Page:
Now that Intel has secured Altera for $16.7 billion and has a deal with eASIC, Intel is firmly in the Field Programmable Grid Array (FPGA) business. Now what's it going to do with it?
For starters, eASIC remains a partner. CEO Brian Krzanich was asked about it during the press call announcing the Altera deal and he said there is no change. eASIC will offer benefit for certain workloads, and an Intel spokesmen told me eASIC is somewhere between an ASIC and an FPGA so it’s not like Intel has two FPGA companies under its wing, per se.
There are several reasons for the deal, according to analysts I've spoken with. For starters, it gives Intel more revenue, an obligation for a public company. The mobile business isn't bringing in any money; in fact, it's been bleeding billions of dollars.
"Every company gets to a point where they can only grow so much and start reaching out for acquisitions. Intel needs places to grow with high profit margins. There's very few of areas out there. The last remaining arena with high profit margin is FPGA," Jim McGregor of Tirias Research told me.
Custom accelerators like FPGAs are good in parallel processing scenarios when one task needs to be repeated over and over, like search or pattern matching. That's why search engines like Bing use FPGAs, and a company called Ryft has an FPGA-based Big Data machine it claims is up to 200 times faster than a Xeon.
Intel is very strong in the data center and having a rich FPGA offering will only cement that position further.
"Altera will enable some new growth in HPC where CPUs and FPGAs are both used, but being the dominant force in their primary strategic market, CPUs, it is difficult to continue growing CPU share in PCs and other compute platforms," said Tom Hackenberg, principal analyst for embedded processors at IHS.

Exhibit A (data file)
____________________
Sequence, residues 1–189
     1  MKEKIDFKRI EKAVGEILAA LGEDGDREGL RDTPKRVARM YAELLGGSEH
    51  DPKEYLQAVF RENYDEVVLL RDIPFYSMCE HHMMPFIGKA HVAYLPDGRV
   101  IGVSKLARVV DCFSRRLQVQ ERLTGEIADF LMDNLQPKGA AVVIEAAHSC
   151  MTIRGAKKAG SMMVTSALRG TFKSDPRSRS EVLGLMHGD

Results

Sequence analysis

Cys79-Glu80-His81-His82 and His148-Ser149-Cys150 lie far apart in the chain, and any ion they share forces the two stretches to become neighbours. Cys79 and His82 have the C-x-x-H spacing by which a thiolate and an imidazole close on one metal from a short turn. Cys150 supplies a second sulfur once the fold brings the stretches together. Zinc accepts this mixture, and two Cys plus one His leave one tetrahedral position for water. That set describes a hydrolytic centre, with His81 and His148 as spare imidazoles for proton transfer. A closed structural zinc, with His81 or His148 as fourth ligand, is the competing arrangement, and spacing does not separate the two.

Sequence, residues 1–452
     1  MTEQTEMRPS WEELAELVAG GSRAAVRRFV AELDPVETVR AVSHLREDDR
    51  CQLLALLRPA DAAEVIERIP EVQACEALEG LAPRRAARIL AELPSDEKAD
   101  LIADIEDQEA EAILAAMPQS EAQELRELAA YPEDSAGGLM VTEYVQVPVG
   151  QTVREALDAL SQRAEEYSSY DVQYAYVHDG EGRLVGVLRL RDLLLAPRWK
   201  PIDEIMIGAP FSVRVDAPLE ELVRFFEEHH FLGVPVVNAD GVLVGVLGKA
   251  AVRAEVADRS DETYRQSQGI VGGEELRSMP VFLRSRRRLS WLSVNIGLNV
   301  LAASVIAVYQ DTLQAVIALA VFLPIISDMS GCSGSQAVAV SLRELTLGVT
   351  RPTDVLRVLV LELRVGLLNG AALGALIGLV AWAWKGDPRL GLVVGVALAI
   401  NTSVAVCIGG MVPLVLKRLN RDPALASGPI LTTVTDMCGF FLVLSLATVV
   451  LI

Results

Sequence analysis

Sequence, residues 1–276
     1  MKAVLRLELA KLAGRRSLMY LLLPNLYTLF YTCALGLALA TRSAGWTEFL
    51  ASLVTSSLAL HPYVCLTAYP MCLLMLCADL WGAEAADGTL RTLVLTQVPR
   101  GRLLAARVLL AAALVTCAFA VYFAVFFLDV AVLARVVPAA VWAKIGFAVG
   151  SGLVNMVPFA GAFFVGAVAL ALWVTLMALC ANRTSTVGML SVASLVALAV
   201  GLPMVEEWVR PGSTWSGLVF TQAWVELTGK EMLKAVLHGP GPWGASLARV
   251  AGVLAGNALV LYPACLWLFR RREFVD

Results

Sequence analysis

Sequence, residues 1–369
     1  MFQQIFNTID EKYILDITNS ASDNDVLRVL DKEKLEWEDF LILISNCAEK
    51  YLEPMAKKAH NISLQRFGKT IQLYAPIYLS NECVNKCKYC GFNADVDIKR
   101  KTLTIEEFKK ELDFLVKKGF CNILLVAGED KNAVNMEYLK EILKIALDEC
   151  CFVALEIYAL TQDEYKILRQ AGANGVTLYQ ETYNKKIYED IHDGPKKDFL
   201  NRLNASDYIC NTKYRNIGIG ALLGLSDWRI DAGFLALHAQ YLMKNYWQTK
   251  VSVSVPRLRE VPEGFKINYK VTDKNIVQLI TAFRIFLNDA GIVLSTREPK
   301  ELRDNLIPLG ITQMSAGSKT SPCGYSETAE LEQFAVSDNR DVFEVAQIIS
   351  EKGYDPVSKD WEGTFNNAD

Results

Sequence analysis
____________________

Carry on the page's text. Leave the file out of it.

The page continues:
With the PC market slowing and mobile going nowhere, Intel needs a new growth market. "A reasonable strategy then is to look to expanding other markets where they participate or finding new markets. This is where Altera comes in," said Hackenberg.
Another reason, McGregor surmises, is that Intel needs to fill out its fabs. Intel has either shuttered or stopped the expansion of fabs in recent years as sales have suffered, and that's very expensive equipment to leave idle. FPGAs have large dies and large margins. Intel had a manufacturing deal with Altera, but after it struggled with 14 nanometer, it went to TSMC.
Both McGregor and Hackenberg expect Intel to use its FPGA solutions to make a big push into industrial IoT where machinery and heavy equipment rather than wearables are involved.
"A high performance router or switch for example may have one or more high-performance CPUs, but to get to extreme bandwidths such as 100GbE platforms, much of the processor complex is facilitated by co-processors such as FPGAs or application specific network processing units," said Hackenberg. This will give Intel a one-two punch of selling processing units and accelerators.
"I expect them to go into Big data and Analytics," said McGregor. "There's huge interest from the market and you can't do everything with an x86 core. I would expect we're going to see a new breed of products to handle this. But it may take five years to integrate that."